For the second week in a row, I was off traveling last week to another operating weekend, this time the well-known Prairie Rails event in Kansas City. Their normal time slot has been at the end of February, but rather than wait until then, they chose to put on the event during the last week in October. I visited or operated on eight layouts altogether, but rather than mention them all, I will just write about three.
The first, one of my favorite layouts anywhere, was John Breau’s Great Northern Butte Division, a transition-era layout. The first job I had was one of the local freights, a great job because of all the outstanding towns John has built for the layout. For example, I show below my train departing from Dutton, Montana, behind a Class F-8 Consolidation. This was fun to switch, operated flawlessly, and required planning to do efficiently. Who could ask for more?
Incidentally, I spotted one clever feature on the layout (among many) that I want to mention here. If you don’t have enough space for a convincing stockyard that can load four stock cars at a time, why not conceive of it being located mostly in the aisle? Then you only have to model the loading chutes and outer fence. Nice concept!
Another layout on which it’s always a pleasure to have the privilege of operating is Bob Willer’s Spokane, Portland and Seattle, set in 1967. Here I worked the Wishram yard, under the direction of Yardmaster Phil Monat. We had some lucky breaks with the right trains coming along to pick up a lot of our cars, and we suddenly realized the “yardmaster’s dream,” an almost empty yard (that’s a departing train at the rear of the photo). And that’s Phil at left, planning our next moves.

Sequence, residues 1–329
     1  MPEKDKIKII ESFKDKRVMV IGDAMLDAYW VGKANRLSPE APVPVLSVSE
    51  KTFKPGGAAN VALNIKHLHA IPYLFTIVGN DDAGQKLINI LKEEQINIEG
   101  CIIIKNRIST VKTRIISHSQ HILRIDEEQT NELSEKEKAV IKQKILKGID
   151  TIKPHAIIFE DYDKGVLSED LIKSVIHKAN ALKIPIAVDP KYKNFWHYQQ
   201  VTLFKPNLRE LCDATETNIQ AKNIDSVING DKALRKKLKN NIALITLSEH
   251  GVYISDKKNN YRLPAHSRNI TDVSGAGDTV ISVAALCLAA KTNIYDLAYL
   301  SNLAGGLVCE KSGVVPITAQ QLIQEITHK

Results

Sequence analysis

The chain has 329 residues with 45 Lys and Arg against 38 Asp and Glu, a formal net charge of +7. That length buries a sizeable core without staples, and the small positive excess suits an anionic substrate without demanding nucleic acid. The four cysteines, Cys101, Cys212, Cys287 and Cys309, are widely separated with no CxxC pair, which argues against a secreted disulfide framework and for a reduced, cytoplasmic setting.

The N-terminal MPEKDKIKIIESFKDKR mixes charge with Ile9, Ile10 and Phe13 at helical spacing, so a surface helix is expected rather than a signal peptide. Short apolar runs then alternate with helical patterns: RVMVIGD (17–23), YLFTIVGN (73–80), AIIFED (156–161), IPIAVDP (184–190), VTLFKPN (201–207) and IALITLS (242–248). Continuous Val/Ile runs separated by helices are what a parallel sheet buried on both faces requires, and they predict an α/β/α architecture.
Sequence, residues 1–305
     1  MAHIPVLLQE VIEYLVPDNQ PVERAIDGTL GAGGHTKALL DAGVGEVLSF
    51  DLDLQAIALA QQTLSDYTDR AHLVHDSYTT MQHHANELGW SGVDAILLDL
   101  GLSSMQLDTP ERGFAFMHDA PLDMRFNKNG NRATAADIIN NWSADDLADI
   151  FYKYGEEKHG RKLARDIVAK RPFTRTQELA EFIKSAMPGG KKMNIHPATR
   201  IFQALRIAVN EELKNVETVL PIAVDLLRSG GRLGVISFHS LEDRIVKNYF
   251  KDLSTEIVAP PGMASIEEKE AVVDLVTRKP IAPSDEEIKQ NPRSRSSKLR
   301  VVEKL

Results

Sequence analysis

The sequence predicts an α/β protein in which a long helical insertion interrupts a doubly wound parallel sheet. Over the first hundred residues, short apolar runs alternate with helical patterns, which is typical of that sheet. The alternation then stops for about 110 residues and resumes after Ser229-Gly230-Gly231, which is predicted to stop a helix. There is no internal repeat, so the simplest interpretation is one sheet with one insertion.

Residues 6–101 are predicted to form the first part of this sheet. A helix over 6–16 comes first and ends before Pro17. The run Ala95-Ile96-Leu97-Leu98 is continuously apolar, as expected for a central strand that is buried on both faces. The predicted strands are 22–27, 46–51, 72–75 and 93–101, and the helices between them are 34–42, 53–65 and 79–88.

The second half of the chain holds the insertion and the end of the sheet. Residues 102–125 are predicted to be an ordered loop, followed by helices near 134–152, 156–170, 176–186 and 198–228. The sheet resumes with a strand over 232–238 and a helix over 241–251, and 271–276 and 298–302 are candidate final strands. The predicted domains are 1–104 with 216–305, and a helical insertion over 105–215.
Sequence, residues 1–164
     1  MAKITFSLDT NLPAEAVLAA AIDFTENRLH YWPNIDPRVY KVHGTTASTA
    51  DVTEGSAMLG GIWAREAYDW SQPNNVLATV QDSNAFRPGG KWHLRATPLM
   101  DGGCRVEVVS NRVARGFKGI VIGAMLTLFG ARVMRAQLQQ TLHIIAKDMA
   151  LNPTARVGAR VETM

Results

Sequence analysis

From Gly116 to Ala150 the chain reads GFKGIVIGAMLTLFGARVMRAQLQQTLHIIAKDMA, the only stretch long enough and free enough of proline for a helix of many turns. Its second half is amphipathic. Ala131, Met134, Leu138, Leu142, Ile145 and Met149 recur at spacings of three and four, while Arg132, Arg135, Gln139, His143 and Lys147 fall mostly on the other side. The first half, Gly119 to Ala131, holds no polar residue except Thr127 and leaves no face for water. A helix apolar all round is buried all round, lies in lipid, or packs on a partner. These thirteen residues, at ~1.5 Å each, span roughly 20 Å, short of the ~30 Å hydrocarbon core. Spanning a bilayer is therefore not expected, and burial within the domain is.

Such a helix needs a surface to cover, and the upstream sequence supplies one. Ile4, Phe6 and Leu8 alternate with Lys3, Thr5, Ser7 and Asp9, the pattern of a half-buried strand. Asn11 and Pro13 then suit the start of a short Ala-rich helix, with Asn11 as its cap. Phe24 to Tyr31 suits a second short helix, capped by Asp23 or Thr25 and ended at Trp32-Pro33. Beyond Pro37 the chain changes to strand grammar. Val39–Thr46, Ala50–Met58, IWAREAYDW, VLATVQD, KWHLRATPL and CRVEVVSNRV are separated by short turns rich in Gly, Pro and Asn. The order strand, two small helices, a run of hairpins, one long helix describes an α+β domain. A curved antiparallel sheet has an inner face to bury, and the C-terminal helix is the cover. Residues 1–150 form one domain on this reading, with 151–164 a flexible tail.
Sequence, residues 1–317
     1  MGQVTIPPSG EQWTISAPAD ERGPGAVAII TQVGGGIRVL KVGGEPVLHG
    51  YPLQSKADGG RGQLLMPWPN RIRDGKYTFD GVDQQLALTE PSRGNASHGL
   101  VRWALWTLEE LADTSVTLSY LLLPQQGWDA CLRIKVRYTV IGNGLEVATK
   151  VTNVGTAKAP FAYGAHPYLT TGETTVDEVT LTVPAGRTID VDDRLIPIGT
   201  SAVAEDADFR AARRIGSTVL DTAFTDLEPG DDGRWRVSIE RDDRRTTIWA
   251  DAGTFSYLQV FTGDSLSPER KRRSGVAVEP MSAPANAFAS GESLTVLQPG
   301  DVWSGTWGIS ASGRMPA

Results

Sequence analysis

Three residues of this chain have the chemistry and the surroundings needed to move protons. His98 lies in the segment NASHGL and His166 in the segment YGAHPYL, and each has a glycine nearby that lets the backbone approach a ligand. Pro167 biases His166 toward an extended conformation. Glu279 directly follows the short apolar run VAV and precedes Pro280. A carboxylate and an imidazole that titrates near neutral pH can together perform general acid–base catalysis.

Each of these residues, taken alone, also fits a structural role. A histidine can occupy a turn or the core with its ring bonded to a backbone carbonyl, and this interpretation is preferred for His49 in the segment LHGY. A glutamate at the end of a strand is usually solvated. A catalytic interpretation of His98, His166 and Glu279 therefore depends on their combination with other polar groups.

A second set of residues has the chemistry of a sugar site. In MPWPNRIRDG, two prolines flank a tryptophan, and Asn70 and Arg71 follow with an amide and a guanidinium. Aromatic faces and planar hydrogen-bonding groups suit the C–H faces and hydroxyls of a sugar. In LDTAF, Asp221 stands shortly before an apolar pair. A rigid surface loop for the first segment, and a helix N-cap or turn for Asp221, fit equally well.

Lastly, I want to mention Bill Scheerer’s excellent smaller layout, the B&O Monongah Division in the transition era. It has gorgeous color position-light signaling, understandable since Bill retired from CSX as Chief Engineer, Communications and Signals; you may recognize his name from the OpSig’s excellent book, Compendium of Model Railroad Operations, for which he and Mike Burgett wrote the chapter on signal systems.
In addition, the layout ran perfectly, and was fun to work. Here again, I got an interesting local freight to do some switching. The parts of the layout that are scenicked are really nice. Below is just one of them, his Kingwood Mine.
This was an intense few days, but really enjoyable, since Kansas City has so many excellent layouts. We were lucky on the weather, and I was lucky in the layouts I was assigned, and that all added up to an outstanding weekend.